sudo apt-get install gcc-doc manpages-dev manpages-posix-dev

Now I can do silly things like `man 3 write` to answer my silly questions like, “oh wait, what does write return again?”

Ok, so first, we gotta get Tcl and expect. I guess I don’t need to install tk because I don’t plan on controlling anything X related.. Ok, so after a couple of tries, I came up with the following:

#Set up a working directory and download files
mkdir ~/expect
cd ~/expect
tar -xzvf expect.tar.gz
tar -xzvf tcl8.4.17-src.tar.gz

#Compiling tcl
cd tcl8.4.17/unix
./configure --prefix=~/expect/tcl-install --enable-shared
make install
make install-private-headers
cd ../../

#Compiling expect
cd expect-5.43
#Note: use your own home dir ;)
./configure --prefix=/home/jwoo/expect/tcl-install/ --with-tcl=/home/jwoo/expect/tcl-install/lib \
  --with-tclinclude=/home/jwoo/expect/tcl-install/include/  --enable-shared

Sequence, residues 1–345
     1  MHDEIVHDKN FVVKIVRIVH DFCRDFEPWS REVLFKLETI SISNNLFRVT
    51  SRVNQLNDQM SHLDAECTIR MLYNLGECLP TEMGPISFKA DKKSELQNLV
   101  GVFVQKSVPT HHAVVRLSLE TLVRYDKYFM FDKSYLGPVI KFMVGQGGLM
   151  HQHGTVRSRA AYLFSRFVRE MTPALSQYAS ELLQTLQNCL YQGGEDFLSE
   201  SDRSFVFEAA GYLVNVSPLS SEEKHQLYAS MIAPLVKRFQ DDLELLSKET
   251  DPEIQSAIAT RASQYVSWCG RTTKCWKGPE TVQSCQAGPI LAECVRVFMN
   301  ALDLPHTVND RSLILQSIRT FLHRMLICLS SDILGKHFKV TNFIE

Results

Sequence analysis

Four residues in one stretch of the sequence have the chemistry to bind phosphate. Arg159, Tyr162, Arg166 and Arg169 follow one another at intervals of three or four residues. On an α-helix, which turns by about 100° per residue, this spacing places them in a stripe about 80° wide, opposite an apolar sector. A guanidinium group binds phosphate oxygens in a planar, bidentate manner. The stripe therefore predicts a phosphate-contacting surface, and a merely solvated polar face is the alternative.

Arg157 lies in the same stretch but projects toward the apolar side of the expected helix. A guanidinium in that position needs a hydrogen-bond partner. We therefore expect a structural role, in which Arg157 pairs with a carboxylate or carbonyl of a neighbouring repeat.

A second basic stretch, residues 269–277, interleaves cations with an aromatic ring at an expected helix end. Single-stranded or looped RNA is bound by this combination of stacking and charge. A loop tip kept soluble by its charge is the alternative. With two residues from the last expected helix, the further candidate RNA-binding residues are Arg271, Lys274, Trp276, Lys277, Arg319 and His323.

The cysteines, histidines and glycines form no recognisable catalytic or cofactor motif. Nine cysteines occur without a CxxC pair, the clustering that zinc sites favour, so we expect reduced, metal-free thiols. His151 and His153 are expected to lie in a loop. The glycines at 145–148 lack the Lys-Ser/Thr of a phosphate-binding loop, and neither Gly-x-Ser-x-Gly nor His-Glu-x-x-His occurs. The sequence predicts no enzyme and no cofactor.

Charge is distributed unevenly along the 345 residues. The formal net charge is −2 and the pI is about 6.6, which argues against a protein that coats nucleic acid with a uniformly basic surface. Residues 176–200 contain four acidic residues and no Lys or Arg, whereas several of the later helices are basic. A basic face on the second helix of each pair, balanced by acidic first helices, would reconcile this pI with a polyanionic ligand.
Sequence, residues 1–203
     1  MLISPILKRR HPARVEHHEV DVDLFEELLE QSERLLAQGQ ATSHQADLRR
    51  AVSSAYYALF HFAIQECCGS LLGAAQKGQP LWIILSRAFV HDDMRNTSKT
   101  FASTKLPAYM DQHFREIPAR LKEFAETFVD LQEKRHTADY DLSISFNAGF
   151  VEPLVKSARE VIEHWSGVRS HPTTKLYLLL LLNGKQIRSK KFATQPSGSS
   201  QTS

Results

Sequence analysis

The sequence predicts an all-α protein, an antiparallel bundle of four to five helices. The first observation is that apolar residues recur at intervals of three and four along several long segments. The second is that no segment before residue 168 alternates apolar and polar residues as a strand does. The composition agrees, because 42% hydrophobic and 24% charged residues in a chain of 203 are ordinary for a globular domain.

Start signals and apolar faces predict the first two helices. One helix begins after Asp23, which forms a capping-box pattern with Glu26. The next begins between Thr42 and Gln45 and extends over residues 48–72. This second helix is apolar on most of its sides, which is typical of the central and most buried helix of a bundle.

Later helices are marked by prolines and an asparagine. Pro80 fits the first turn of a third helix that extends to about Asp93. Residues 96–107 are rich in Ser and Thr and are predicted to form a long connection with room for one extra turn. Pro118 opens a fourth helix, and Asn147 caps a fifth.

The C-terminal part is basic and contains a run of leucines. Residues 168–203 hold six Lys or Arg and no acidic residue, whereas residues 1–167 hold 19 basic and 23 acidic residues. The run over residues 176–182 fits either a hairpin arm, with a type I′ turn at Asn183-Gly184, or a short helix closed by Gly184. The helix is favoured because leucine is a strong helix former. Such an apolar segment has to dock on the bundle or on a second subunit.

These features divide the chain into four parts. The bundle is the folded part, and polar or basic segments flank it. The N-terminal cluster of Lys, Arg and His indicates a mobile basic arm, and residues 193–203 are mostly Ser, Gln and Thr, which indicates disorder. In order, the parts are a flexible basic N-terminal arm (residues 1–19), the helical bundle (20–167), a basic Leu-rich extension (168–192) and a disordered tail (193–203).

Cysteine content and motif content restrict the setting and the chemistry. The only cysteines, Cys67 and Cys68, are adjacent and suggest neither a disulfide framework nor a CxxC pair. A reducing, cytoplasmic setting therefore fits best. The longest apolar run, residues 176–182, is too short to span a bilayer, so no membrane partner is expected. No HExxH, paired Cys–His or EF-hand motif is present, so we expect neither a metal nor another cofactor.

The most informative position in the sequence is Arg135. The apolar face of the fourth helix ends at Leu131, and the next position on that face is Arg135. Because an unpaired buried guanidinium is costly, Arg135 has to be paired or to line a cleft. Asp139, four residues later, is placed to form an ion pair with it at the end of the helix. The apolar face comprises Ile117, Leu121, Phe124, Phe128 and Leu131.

make install

If that doesn’t work, then maybe I’ve got something on my build system that you don’t, but it is pretty straightforward on how to compile and install. Also you might have noticed that I installed tcl and expect in my home directory. I tend to do this because I rather not mix nice and neat ubuntu/debian packages with these source installed tar.gz’s. Now it’s time to link your own custom user space application against the expect library and the tcl library! In this case I have decided to create a simple telnet session that simply requests for an (html) webpage, and dumps it to a screen. hooray! haha.

mkdir ~/expect/htmlrip && cd ~/expect/htmlrip
touch ~/expect/htmlrip/htmlrip.c